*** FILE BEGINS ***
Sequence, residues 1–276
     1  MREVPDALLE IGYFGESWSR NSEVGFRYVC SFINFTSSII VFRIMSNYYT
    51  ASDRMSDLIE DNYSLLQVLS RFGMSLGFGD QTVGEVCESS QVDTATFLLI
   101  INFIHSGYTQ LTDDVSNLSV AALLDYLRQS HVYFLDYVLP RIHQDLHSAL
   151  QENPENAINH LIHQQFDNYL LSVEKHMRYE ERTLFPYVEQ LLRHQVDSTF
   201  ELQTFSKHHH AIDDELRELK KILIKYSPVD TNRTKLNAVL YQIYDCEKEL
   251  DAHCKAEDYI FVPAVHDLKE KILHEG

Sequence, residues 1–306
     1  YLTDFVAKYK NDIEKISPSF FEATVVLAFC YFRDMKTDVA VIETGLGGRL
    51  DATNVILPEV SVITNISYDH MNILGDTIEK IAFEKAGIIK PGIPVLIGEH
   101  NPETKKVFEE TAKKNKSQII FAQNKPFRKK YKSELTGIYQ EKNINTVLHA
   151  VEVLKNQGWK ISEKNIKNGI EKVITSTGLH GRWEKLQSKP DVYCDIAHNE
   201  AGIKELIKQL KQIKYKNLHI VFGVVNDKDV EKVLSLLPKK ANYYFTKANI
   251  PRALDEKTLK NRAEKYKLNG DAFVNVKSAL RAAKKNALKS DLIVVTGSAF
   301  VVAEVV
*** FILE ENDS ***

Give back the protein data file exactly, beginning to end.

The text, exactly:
Sequence, residues 1–276
     1  MREVPDALLE IGYFGESWSR NSEVGFRYVC SFINFTSSII VFRIMSNYYT
    51  ASDRMSDLIE DNYSLLQVLS RFGMSLGFGD QTVGEVCESS QVDTATFLLI
   101  INFIHSGYTQ LTDDVSNLSV AALLDYLRQS HVYFLDYVLP RIHQDLHSAL
   151  QENPENAINH LIHQQFDNYL LSVEKHMRYE ERTLFPYVEQ LLRHQVDSTF
   201  ELQTFSKHHH AIDDELRELK KILIKYSPVD TNRTKLNAVL YQIYDCEKEL
   251  DAHCKAEDYI FVPAVHDLKE KILHEG

Sequence, residues 1–306
     1  YLTDFVAKYK NDIEKISPSF FEATVVLAFC YFRDMKTDVA VIETGLGGRL
    51  DATNVILPEV SVITNISYDH MNILGDTIEK IAFEKAGIIK PGIPVLIGEH
   101  NPETKKVFEE TAKKNKSQII FAQNKPFRKK YKSELTGIYQ EKNINTVLHA
   151  VEVLKNQGWK ISEKNIKNGI EKVITSTGLH GRWEKLQSKP DVYCDIAHNE
   201  AGIKELIKQL KQIKYKNLHI VFGVVNDKDV EKVLSLLPKK ANYYFTKANI
   251  PRALDEKTLK NRAEKYKLNG DAFVNVKSAL RAAKKNALKS DLIVVTGSAF
   301  VVAEVV